In the episode "The End of the World", the Face of Boe is described as a being of considerable influence in galactic circles and is identified as coming from the "Silver Devastation". In "Bad Wolf", set in the 2002nd Century, he is said to be "the oldest being in the Isop galaxy" (the location of the planet Vortis in "The Web Planet"). In "The Long Game", set 100 years earlier (the Face's youngest appearance), a TV network reports that he is pregnant with the "Baby Boemina", though the credibility of Satellite 5's news reporting is taken into question in the episode as well. In "New Earth", it is stated that the Face of Boe is the last of his species, the "Boekind" having died off long before. The Doctor also makes a comment that the Face of Boe is possibly over 5 billion years old.
In the episode "Last of the Time Lords", the immortal time traveller Captain Jack Harkness expresses concern about how he might look if he lives "for a million years", because although he cannot die, he is still aging, albeit slowly. He tells the Doctor and Martha Jones that it's a matter of vanity, because as the first person from the Boeshane Peninsula to join the Time Agency, he was featured on posters, becoming known as "the Face of Boe". The implication of this astonishes Martha and the Doctor.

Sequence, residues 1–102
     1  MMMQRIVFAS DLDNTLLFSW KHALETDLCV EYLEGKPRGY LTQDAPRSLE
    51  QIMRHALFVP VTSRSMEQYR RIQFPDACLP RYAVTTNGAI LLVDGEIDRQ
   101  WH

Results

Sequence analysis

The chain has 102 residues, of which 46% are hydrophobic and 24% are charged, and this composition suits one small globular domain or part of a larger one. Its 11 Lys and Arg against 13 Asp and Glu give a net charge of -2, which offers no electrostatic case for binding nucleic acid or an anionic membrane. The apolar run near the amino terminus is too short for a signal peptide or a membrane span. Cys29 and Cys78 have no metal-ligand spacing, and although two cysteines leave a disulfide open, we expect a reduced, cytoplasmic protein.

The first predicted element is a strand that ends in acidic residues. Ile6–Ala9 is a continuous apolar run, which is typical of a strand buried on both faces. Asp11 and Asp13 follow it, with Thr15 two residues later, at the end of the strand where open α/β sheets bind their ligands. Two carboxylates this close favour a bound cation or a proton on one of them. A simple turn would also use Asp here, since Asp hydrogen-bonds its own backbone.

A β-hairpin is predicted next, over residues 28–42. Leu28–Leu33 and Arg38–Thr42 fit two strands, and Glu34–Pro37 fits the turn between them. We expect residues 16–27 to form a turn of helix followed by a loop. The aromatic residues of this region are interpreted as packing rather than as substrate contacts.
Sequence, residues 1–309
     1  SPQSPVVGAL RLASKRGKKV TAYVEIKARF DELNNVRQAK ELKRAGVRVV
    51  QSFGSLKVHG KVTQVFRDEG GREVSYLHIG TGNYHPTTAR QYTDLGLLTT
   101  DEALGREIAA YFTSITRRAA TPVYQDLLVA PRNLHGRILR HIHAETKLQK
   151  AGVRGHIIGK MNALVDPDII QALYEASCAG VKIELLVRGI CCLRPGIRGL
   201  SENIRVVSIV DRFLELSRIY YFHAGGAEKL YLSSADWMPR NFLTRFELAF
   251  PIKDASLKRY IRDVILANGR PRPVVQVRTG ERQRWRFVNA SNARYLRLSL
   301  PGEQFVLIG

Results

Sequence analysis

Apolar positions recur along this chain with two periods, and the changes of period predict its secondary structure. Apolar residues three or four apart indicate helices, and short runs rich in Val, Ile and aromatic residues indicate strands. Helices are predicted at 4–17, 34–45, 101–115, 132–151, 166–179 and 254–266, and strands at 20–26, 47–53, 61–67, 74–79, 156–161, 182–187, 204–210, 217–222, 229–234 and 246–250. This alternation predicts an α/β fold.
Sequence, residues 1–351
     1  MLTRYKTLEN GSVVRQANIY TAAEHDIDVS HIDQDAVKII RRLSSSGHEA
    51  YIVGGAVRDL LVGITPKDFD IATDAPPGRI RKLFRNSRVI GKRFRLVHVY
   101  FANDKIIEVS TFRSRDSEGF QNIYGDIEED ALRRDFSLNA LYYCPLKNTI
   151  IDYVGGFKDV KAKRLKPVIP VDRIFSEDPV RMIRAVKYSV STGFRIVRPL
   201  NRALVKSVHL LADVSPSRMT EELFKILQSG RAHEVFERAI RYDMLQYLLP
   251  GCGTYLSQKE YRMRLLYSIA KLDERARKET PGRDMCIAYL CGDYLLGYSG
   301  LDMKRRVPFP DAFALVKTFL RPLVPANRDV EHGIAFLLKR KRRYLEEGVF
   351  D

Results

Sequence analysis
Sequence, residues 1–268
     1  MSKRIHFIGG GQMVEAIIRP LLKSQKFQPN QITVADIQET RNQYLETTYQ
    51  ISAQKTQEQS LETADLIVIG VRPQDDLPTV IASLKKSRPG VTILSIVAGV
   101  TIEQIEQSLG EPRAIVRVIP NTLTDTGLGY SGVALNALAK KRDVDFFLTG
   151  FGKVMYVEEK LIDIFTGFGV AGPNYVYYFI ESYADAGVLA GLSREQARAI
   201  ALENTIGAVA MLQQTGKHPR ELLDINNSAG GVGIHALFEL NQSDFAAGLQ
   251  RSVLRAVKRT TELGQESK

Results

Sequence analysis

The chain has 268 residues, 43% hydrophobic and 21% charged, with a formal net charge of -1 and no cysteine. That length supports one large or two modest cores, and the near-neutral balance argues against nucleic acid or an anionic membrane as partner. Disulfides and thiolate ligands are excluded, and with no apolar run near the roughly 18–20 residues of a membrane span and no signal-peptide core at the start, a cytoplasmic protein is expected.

Writer Russell T Davies, in the episode's commentary, called the implication of this scene "a theory" as to the Face of Boe's origins, prompting Executive Producer Julie Gardner to urge him to "stop back-pedaling" about the two characters being the same. Davies also said that after writing the scene he inserted a line in the ADR recording for "Gridlock" in which the Face of Boe calls the Doctor "old friend". However, Davies does not like making the relationship between Jack and Boe explicit, stating "the moment it became very true or very false, the joke dies". He has refused the publication of spin-off novels and comic books that have tried to definitively link the two.
Appearances in other media
The tie-in book Monsters and Villains states that the Face has an abnormally long lifespan for an unknown reason; he had six children during the 21st Century who only lived for 40 years each, the average lifespan of the species. Jack currently has one known child. This could be explained by Jack's immortality, if in fact Jack and the Face of Boe are one and the same.
In the second episode of Torchwood, "Day One", Captain Jack makes a comment about recounting how many sexual partners he had. He states "we would be here until the sun explodes." The Face of Boe was in the episode with The Doctor and Rose when they went to view the end of earth.
- ""Last of the Time Lords" Podcast". 2007-07-27. Retrieved 2007-06-30.
- Sepinwall, Alan (2009-06-26). "Russell T. Davies talks 'Doctor Who' & 'Torchwood'". New Jersey Star Legder. Retrieved 2009-07-09.
- "Doctor Who: Regeneration" Narr. Mark Gatiss. BBC Radio 2, 20 December 2005.
- Richards, Justin (2005). Doctor Who: Monsters and Villains. BBC Books. p. 63. ISBN 0-563-48632-5.